Did Inflammatory Remarks About Rape and Abortion Doom GOP Candidates?

Candidates who sparked controversy during campaign season didn't fare so well in this election.

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AP Images

The campaign season of 2012 was littered with gaffes by politicians. A number of pro-life candidates made some very public, roundly rebuked remarks about rape and a woman's right to abortion—and drew the ire of voters of both genders and on both sides of the political spectrum. And while at first it seemed that some of these candidates would be able to survive their unpopular remarks, now that the results are in, it's clear that nearly all of them did not.


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Todd Akin (Republican; U.S. Representative for Missouri's 2nd congressional district, running for U.S. Senate seat)

The remark:

"If it's a legitimate rape, the female body has ways to try to shut that whole thing down."

The result: A month after his infamous rape comment, Akin was still leading some polls by as much as five points. Last night, though, he lost the Senate race to Democratic incumbent Claire McCaskill. McCaskill led Akin 55 percent to 39 percent.



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Richard Mourdock (Republican; Indiana State Treasurer, running for U.S. Senate seat)

The remark:

"I believe that life begins at conception. The only exception I have to have an abortion is in that case of the life of the mother. I just struggled with it myself for a long time, but I came to realize life is that gift from God—that I think even if life begins in that horrible situation of rape, that it is something that God intended to happen."

The result: With 70 percent of precincts reporting, ABC News called the race for conservative Democrat Joe Donnelly, the congressman from Indiana's District 2.



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Roger Rivard (Republican; Wisconsin State Assembly—District 75, running for re-election)

The remark: Rivard maintained that the Milwaukee Journal Sentinel had taken his quotes out of context when he said, "Some girls rape easy." His full explanation, offered later on:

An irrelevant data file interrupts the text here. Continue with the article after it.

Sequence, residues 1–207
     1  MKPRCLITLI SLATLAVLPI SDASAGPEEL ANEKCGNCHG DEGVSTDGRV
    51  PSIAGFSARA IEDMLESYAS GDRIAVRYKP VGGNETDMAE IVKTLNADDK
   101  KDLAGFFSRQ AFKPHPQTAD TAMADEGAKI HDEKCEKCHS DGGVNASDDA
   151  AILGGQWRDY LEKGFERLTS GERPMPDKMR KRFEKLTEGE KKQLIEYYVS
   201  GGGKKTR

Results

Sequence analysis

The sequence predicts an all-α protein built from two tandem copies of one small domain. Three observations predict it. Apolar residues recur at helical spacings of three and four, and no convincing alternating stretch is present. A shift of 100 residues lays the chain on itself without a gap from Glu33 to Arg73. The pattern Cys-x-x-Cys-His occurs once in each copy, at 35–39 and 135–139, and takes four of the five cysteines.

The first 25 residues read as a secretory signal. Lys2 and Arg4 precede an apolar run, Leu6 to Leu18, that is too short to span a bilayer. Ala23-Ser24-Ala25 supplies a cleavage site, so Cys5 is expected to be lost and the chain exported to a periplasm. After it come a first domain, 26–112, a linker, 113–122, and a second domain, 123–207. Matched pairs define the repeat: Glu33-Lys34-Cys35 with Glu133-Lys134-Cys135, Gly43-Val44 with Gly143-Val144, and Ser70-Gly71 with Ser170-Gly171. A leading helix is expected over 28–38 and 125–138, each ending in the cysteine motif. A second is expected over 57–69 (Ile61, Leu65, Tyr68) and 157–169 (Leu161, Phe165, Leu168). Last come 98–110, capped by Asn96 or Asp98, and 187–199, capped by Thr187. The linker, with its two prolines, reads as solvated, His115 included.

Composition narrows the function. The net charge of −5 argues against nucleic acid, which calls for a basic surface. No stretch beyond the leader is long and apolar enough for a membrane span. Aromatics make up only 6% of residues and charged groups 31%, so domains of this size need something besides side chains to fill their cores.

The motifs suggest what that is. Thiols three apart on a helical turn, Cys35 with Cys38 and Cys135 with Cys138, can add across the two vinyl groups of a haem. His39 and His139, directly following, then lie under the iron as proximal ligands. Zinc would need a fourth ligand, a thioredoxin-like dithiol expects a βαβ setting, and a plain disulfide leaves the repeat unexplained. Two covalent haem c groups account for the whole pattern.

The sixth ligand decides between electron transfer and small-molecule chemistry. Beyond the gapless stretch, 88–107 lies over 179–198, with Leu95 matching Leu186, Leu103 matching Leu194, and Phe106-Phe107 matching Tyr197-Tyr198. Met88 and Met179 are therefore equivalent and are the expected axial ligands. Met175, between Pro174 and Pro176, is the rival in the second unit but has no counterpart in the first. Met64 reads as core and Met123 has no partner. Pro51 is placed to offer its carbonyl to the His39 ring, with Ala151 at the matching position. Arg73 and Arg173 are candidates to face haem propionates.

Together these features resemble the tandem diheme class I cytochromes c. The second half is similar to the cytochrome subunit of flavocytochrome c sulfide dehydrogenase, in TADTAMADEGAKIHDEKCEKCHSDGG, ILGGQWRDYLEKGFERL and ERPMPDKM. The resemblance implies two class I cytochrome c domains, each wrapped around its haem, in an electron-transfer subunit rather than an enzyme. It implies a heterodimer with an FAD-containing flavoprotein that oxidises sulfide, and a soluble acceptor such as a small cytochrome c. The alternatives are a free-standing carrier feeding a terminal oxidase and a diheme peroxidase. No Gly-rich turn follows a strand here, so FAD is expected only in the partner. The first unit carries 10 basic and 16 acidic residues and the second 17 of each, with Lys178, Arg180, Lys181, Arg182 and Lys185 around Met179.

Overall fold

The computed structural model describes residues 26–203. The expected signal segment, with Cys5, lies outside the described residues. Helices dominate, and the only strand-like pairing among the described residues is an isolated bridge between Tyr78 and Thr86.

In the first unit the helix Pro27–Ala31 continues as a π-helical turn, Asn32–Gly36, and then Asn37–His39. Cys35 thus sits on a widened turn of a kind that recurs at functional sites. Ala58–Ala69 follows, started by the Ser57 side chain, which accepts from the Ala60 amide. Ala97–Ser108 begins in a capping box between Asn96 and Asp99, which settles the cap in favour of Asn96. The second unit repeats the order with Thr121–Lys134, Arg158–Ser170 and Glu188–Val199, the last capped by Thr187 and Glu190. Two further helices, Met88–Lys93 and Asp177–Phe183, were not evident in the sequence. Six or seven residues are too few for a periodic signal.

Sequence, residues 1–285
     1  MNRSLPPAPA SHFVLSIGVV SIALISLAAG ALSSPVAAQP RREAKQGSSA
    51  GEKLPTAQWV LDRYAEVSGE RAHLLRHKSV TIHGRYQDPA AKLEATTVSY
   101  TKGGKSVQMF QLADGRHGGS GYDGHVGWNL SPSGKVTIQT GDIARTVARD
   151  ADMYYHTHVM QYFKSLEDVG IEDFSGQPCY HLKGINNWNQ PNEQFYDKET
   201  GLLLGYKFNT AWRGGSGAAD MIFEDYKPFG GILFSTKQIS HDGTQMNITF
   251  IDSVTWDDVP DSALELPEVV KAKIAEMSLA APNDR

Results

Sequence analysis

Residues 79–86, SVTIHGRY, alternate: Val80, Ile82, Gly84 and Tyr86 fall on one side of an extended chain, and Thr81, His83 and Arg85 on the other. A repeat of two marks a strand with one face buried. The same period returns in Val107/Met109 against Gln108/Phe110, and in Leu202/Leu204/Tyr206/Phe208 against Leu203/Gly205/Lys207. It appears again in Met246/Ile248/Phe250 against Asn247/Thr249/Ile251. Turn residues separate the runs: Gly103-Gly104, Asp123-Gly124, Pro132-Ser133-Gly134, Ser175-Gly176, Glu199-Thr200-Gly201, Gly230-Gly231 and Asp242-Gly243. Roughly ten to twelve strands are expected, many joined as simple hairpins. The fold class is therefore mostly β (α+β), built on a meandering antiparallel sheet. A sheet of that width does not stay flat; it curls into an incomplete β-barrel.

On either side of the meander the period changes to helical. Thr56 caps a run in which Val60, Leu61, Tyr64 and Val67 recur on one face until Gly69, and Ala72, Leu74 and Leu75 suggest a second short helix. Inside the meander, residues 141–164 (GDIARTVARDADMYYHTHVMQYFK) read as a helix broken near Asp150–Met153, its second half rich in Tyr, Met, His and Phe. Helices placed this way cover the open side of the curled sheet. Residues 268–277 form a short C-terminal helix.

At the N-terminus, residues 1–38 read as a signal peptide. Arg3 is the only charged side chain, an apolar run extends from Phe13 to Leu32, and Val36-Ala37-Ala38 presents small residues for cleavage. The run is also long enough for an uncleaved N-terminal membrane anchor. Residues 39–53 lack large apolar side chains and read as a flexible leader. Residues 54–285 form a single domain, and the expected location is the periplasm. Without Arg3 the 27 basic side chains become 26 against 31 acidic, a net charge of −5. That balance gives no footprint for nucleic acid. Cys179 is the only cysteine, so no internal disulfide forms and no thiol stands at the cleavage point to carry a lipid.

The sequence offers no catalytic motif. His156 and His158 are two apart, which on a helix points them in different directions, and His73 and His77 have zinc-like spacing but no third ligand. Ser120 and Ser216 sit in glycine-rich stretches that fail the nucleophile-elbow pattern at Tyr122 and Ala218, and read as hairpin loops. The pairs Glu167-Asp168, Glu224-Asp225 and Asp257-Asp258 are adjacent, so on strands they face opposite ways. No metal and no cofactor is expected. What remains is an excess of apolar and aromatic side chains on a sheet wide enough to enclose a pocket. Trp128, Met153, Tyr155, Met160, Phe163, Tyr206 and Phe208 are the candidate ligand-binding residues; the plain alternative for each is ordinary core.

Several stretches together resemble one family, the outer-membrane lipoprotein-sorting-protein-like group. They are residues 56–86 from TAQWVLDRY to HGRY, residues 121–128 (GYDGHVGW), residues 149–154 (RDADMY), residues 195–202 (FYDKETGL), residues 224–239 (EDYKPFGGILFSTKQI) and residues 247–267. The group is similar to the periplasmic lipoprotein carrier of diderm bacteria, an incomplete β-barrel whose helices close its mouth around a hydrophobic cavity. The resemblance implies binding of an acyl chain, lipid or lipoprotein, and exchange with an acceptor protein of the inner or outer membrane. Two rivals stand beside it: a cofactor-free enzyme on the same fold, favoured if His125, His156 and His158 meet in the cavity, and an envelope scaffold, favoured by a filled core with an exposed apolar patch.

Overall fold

"He also told me one thing, 'If you do (have premarital sex), just remember, consensual sex can turn into rape in an awful hurry,'" Rivard said. "Because all of a sudden a young lady gets pregnant and the parents are madder than a wet hen and she's not going to say, 'Oh, yeah, I was part of the program.' All that she has to say or the parents have to say is it was rape because she's underage. And he just said, 'Remember, Roger, if you go down that road, some girls,' he said, 'they rape so easy.'

"What the whole genesis of it was, it was advice to me, telling me, 'If you're going to go down that road, you may have consensual sex that night and then the next morning it may be rape.' So the way he said it was, 'Just remember, Roger, some girls, they rape so easy. It may be rape the next morning.'"

The result: It's close: According to a Leader-Telegram article updated near midnight, Rivard trailed Smith 12,832 votes to 12,921 with 96 percent of the precincts reporting.



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John Koster (Republican; Snohomish County councilman, running for U.S. House of Representatives seat from Washington—District 1)

The remark:

"Incest is so rare, I mean it's so rare. But the rape thing, you know, I know a woman who was raped and kept the child, gave it up for adoption and doesn't regret it. In fact, she's a big pro-life proponent. But, on the rape thing it's like, how does putting more violence onto a woman's body and taking the life of an innocent child that's a consequence of this crime, how does that make it better?"

The result: Democrat Suzan DelBene enjoyed an "unexpectedly decisive win," according to the Seattle Times, with 54 percent of the vote on her side.

Presented by

Ashley Fetters is a former associate editor at The Atlantic.

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